FDA Wants Importers|to Verify Suppliers

     WASHINGTON (CN) – The Food and Drug Administration has proposed new regulations that would require importers to verify that the food they get from foreign suppliers is safe for humans and animals.
     The proposed Foreign Supplier Verification Programs (FSVPs) focus on foreseeable food safety risks identified through a hazard assessment process, according to the FDA in its action.
     The new regulation is aimed at reducing illnesses and deaths connected to imported food.
     “The greater the compliance with those regulations, the greater the expected reduction in illnesses and deaths, as well as the costs associated with them,” the FDA noted.
     The specific FSVPs would vary depending on the food product, and assures that foreign food suppliers use the same processes and preventive controls as their American counterparts under the Food, Drug and Cosmetic Act.
     Certain exemptions do exist, including for some juices, fish and fishery products (which are already subject to the FDA’s Hazard Analysis & Critical Control Points regulations), food for personal consumption, alcoholic beverages, food that stops at other ports before arriving in the U.S., food that is imported for re-export and food for research or evaluation, according to the FDA’s action.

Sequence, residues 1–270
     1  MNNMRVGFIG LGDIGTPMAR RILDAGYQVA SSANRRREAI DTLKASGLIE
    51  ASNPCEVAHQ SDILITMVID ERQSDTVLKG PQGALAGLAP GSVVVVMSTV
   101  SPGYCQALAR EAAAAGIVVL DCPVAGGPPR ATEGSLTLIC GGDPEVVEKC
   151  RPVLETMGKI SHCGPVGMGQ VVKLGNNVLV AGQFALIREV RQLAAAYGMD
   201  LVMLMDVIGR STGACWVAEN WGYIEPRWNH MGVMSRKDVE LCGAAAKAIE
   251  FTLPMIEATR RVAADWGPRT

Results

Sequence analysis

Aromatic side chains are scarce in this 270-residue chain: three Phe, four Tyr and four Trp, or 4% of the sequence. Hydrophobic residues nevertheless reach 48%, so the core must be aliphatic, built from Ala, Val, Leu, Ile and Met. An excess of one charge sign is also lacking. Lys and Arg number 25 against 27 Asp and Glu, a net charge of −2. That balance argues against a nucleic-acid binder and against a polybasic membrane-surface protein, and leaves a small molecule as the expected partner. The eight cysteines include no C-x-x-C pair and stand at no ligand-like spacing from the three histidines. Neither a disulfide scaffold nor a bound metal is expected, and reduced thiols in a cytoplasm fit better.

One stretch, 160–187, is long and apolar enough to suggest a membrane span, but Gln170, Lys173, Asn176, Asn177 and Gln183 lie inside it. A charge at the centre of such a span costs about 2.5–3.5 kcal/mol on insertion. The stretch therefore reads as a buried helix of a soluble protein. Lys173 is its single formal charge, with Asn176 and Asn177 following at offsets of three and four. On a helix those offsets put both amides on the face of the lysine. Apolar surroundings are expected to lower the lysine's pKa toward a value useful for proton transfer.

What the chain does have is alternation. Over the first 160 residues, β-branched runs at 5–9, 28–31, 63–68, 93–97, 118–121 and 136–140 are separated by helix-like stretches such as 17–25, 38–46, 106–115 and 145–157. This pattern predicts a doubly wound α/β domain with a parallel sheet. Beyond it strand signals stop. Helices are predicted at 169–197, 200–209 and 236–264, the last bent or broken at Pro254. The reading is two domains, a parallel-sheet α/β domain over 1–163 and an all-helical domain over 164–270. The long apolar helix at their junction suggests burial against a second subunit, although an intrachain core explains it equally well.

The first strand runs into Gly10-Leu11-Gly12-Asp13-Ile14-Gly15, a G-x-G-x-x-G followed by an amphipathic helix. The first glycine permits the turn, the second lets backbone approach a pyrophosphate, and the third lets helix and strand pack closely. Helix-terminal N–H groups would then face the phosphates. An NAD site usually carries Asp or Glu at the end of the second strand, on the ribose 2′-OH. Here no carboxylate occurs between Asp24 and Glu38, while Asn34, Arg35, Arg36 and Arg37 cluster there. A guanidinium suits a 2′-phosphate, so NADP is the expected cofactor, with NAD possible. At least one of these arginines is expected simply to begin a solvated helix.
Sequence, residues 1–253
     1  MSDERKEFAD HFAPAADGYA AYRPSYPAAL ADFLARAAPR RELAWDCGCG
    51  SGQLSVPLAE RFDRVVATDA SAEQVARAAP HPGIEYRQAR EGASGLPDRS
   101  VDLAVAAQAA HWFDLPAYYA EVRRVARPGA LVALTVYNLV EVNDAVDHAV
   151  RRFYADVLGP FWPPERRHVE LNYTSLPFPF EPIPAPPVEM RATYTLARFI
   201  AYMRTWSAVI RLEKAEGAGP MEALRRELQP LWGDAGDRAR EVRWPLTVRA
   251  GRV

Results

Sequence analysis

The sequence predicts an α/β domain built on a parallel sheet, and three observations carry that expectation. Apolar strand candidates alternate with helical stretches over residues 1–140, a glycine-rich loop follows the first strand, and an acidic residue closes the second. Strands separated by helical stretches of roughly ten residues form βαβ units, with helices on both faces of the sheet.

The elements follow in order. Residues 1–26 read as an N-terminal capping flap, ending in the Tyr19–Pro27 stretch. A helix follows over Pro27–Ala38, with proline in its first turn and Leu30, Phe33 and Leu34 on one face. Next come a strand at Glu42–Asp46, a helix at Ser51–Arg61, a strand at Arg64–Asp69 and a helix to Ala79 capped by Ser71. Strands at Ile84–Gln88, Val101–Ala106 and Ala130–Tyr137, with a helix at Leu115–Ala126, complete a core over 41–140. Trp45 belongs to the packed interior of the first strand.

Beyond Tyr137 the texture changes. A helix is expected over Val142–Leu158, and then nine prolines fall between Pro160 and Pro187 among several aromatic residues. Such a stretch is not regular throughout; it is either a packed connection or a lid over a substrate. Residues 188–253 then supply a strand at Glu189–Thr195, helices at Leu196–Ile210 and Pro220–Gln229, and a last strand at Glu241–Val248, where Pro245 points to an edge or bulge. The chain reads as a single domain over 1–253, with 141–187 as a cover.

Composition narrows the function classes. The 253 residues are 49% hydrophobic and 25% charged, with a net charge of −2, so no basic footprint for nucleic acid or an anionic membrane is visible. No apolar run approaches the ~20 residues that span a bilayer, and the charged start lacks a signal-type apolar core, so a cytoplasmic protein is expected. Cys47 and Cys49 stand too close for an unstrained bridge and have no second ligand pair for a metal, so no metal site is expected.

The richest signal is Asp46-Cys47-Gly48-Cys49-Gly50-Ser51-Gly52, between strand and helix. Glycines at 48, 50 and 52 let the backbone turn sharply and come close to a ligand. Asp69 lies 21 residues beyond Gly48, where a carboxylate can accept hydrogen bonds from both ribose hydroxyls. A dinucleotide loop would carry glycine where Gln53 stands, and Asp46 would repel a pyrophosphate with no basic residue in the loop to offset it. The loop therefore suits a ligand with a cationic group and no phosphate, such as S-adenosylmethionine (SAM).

Some of the requirements proposed under the new regulations include review of the supplier compliance status, hazard analysis, and documentation of supplier hazard controls.
     Under the regulations, onsite audits of foreign suppliers would be required, but some importers, depending on the product, could conduct lot-by-lot sampling and testing, and safety record reviews.
     In addition, the FDA has proposed an amendment to its regulations “to provide accreditation of third-party auditors/certification bodies to conduct food safety audits of foreign food entities, including registered foreign food facilities, and to issue food and facility certifications under the FDA Food Safety Modernization Act,” the FDA said in its action.
     The accreditation is another move to ensure potentially harmful food will not make it to the United States.
     According to the FDA, about 15 percent of all food eaten in the U.S. is imported. About 50 percent of that is fruit and another 20 percent vegetables.
     “Several foodborne disease outbreaks have been traced to imported food, including outbreaks resulting from consumption of imported fruits, vegetables and nuts,” the FDA noted.

%d bloggers like this: